No one’s to be blamed: hail the justice system

At the 30th anniversary of Bhopal Gas Tragedy, the world’s largest industrial disaster which killed over 20,000 people overnight and poisoned the remaining for life, instead of losing faith in morality and justice, let’s try to look from the perspective of the capital giants, the legislature and the government.

Mr. Warren Anderson passed away in September, 2014 without any culpable punishment meted out to him.

Mr. Warren Anderson passed away in September, 2014 without any culpable punishment meted out to him for his role in Bhopal Gas Tragedy.

Can Mr. Warren M. Anderson, the American businessman who served as Chairman and CEO of Union Carbide Corporation and who was fully responsible for the designing of the carbide plant be blamed for the tragedy? He passed away without as much as a trial in an Indian court. He should be pitied, if anything, as he died without redemption. He might have found it better to serve the  punishment by an Indian court, must have been very minuscule anyway, because of a 1996 Supreme Court order which diluted the charges — from culpable homicide to causing death by negligence, decreasing his chances of punishment to a mere two years imprisonment.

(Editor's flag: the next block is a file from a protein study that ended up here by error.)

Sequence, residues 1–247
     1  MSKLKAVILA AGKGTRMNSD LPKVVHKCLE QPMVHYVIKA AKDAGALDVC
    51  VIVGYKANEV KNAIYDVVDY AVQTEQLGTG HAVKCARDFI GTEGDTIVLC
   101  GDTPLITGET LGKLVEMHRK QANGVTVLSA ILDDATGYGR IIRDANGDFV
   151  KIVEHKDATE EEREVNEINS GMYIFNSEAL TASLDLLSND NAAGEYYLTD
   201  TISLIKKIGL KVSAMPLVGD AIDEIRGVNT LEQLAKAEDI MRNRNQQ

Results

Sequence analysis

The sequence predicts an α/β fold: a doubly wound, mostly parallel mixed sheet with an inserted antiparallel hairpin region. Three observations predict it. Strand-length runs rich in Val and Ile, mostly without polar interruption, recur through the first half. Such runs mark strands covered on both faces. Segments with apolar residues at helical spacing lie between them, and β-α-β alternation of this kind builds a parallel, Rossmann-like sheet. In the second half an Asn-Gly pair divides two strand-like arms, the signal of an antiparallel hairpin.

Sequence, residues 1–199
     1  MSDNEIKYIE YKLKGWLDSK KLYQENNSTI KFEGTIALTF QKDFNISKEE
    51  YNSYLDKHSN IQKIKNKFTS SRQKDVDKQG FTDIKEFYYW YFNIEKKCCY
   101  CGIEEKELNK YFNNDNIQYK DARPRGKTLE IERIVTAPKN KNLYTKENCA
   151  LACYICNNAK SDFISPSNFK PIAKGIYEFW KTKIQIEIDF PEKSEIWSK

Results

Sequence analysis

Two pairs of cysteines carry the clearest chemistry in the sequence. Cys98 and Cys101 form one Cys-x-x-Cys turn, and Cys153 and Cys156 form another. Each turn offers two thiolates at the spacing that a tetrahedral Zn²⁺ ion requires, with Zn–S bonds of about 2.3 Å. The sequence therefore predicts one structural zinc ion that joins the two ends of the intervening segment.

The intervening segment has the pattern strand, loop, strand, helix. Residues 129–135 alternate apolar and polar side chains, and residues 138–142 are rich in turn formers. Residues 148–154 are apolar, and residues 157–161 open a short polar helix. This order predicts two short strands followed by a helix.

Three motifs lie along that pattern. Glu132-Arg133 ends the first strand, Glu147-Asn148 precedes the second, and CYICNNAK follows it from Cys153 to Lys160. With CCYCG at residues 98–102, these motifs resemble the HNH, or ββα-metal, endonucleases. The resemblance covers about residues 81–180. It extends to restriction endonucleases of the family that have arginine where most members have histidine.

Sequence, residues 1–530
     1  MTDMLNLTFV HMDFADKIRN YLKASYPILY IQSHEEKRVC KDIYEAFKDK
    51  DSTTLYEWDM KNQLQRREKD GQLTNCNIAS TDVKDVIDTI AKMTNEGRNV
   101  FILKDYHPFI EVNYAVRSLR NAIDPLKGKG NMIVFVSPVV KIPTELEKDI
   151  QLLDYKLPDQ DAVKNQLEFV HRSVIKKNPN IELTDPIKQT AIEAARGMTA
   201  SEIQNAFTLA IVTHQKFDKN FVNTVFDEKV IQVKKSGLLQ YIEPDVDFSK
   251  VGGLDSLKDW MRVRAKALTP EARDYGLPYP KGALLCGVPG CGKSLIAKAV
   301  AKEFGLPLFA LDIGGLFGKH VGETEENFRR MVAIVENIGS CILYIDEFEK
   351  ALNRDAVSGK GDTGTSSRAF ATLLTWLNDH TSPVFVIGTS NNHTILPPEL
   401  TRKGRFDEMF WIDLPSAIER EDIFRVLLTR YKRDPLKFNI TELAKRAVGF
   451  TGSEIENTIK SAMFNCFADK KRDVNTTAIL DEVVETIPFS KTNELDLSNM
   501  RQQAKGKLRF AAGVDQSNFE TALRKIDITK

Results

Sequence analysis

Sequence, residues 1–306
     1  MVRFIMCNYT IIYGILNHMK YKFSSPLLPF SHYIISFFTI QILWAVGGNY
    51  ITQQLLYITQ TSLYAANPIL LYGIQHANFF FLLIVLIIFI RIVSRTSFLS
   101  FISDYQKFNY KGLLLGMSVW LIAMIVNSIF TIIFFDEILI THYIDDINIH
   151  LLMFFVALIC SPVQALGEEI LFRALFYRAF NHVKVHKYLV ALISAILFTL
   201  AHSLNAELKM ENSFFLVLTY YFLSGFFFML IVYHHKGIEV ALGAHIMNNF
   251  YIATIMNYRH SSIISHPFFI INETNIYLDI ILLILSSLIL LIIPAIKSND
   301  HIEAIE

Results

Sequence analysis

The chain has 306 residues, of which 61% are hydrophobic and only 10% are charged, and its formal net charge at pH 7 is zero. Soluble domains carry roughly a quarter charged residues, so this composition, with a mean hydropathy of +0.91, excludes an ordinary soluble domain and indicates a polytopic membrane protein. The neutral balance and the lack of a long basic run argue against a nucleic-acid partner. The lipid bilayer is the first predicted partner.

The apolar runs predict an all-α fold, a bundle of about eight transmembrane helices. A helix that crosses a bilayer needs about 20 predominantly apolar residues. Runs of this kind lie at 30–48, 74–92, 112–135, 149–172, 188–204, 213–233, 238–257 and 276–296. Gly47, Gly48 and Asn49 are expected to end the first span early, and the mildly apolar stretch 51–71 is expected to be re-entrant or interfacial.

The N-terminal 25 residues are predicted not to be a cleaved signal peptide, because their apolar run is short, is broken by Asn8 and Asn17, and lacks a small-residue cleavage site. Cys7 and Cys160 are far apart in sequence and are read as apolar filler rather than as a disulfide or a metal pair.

But even that couldn’t be done, even after the Indian Government’s attempts at asking the US government to extradite him to India in 2003, after releasing him from a brief house arrest, believing him when he said that he’ll return for trial. Obviously there is such a thing as the promise of the tongue.

And yes, how can a court in New York under US law rule on the issue of ongoing soil and groundwater contamination against UCC, a company that employs more than 2,400 people in the US?

Everybody has their reasons to do what they did. Money has always won over morals. Even business ethics, which would have made the plant shut down after the 1982 inspection report that stated, “leaking valves could create serious exposure”, succumbed under capital benefits. That is the law of human capital nature.

Apart from one good news in 30 years regarding the hike in compensation on the basis of data from medical research and hospital records by the minister of chemical and fertilizers, we wait to see if the efforts of people to get the involvement of United Nations be fruitful.  It should be done to raise the issue at an international level and garner funds and help in undoing the environmental damage from the gas factory and proper healthcare in the affected areas.

Probably, the people who drink poisoned water even thirty years later, witness deformed births, and are haunted by memories of their loved ones they lost on December 3, 1984 would have to look upon Judgment Day for the true and complete justice after death. Haven’t they learnt anything from the 31.3 million pending cases in India?

Let’s hail the justice system!

Disclaimer: This is a satirical piece, and the author totally blames the UCC, DOW, and the lax efforts on the part of Indian government and the Supreme Court for the tragedy and the delayed/denied justice.